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Article: Cosmetic Regulations

Cosmetic Regulations

Cosmetic Regulations

Did you know that the FDA has banned only 11 chemicals in cosmetics in the U.S. while the EU Commission has banned over 1,300 chemicals in Europe?1

Shocked? We were too! Read on to learn more.

What’s the difference between the U.S. and EU when it comes to cosmetics regulations?



The FDA is the governing body that oversees regulations with cosmetics, but they also oversee pharmaceuticals and food. The EU Commission is the governing body that created Regulation (EC) No 1223/2009, which includes key legislations pertaining to strictly finished cosmetics in Europe.
The FDA takes a reactive approach (bans chemicals once proven harmful by numerous studies). This can take many years because of all the regulatory checkpoints that have to occur and the stakeholders involved to get a chemical banned. The EU Commission takes a proactive approach and bans chemicals if there are any early indications of the chemical’s harmful effects on human health. If a chemical is flagged as potentially dangerous, it is usually evaluated quickly through a safety assessment and added to the banned list if the investigation confirms it may be harmful to human health.2
The FDA doesn’t have the legal authority to approve cosmetics and ingredients and does not require any testing before products go to market.3 The EU Commission has REACH laws which require cosmetic manufacturers to prove that products are safe to use before they hit the market.4
Animal testing is not banned in the U.S. but there are alternative methods of testing products available.5 Animal testing is completely banned in the EU.

What else should you know?

  • Despite pre-market approvals not being necessary for cosmetics, color additives must be approved by the FDA before cosmetic companies can use them in their products.

  • The Food, Drug and Cosmetic (FD&C) Act and the Fair Packaging and Labeling Act (FPLA) are two important laws for cosmetics in the U.S.

  • Chemicals that are banned from cosmetics in Europe can be found in the European Cosmetics Directive Annex II.

  • Both the U.S. and EU require ingredients to be labeled on products, except for “flavor” or “fragrance”-specific chemicals, which can sometimes be considered a company’s trade secret.

  • The following is a complete list of the 11 ingredients that are banned in U.S. cosmetics6:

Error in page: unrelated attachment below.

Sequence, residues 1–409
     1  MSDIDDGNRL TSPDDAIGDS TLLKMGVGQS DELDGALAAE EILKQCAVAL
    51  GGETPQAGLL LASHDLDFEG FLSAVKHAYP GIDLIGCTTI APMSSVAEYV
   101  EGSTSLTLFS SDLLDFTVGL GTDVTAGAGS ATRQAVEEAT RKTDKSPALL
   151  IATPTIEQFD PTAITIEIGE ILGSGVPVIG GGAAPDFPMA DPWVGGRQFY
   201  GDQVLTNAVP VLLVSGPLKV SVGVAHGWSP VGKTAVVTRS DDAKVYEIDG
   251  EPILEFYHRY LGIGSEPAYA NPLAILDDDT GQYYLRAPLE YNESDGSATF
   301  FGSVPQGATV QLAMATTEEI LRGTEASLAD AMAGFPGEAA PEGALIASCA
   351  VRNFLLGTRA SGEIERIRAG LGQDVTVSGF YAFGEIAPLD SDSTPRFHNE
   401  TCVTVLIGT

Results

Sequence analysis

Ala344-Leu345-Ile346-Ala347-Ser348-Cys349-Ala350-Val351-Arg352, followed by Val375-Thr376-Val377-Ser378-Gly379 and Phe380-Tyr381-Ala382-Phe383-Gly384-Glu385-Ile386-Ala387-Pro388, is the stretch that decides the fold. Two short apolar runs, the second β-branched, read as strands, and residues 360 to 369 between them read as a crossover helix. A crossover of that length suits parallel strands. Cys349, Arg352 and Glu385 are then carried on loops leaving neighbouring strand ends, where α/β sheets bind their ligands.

1. Bithionol

    2. Chlorofluorocarbon propellants

    3. Chloroform

    4. Halogenated salicylanilides

    5. Hexachlorophene

    6. Mercury compounds

    7. Methylene chloride

    8. Prohibited cattle materials

    9. Sunscreen in cosmetics (unless the label specifics WHY sunscreen is in the cosmetics)

    10. Vinyl chloride

    11. Zirconium-containing complexes

  • The Modernization of Cosmetics Regulation Act (MoCRA) of 2022 went into affect with the signing of the Consolidated Appropriations Act in 2023.7 Prior to this enactment, cosmetic regulations have not been updated for 50  whole years! Under this new law, cosmetic companies now have to comply with the following standards: register, list their products, have and practice GMPs, support products and claims with safety data, include a domestic address and contact information on the product label, label any allergens, include a professional use label for applicable products, maintain records and report any adverse events.

 Essentially, at this time in the U.S. it is the consumer’s responsibility to determine if the product they’re using meets their personal safety standards or not. This is especially alarming for vulnerable populations, such as pregnant and postpartum women if they do not have the knowledge or awareness in how to select cosmetics with safer chemicals than those traditionally found in mainstream cosmetics. Addition Beauty aims to take away that pain point for women who are looking for cleaner, safer-to-use cosmetics as part of a holistic, healthy lifestyle during their fertility journey, pregnancy, or postpartum period.


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